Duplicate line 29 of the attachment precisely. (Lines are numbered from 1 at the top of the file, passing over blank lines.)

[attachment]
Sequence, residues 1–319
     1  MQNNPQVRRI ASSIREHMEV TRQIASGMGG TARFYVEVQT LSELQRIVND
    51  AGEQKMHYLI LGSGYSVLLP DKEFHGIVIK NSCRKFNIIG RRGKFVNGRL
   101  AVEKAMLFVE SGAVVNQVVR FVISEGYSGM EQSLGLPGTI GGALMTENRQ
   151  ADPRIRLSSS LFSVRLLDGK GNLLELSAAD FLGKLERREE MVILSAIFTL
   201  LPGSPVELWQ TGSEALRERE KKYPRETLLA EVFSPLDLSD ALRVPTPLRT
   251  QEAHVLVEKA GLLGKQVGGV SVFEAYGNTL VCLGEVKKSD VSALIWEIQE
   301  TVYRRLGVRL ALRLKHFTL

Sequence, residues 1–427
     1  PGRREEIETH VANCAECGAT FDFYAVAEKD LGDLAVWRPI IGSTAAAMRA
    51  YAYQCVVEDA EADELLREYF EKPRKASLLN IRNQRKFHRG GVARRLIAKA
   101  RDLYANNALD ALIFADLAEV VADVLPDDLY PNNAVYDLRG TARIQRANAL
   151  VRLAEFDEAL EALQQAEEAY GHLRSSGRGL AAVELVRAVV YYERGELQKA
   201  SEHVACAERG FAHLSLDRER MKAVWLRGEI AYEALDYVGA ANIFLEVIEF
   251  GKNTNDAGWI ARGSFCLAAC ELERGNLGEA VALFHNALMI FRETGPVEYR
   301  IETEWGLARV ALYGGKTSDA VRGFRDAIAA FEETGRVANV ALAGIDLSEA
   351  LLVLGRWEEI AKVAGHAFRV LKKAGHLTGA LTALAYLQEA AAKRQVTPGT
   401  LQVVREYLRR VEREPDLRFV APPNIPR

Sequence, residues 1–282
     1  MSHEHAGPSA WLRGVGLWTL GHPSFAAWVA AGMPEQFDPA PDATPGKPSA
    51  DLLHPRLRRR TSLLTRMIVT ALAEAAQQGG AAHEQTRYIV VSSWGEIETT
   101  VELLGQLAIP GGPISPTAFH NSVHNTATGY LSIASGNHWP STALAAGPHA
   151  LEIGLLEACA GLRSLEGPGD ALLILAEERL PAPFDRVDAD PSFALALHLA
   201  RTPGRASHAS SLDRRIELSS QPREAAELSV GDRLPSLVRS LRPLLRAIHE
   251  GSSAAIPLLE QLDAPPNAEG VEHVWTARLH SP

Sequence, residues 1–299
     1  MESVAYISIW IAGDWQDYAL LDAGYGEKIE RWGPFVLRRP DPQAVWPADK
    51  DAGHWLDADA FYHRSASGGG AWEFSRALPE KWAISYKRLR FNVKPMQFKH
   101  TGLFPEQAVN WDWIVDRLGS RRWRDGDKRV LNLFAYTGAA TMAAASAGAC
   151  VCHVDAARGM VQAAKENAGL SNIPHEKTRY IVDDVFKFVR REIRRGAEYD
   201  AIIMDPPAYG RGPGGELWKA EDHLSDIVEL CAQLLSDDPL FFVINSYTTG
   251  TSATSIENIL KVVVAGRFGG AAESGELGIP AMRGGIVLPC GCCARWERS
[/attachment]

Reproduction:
   101  TGLFPEQAVN WDWIVDRLGS RRWRDGDKRV LNLFAYTGAA TMAAASAGAC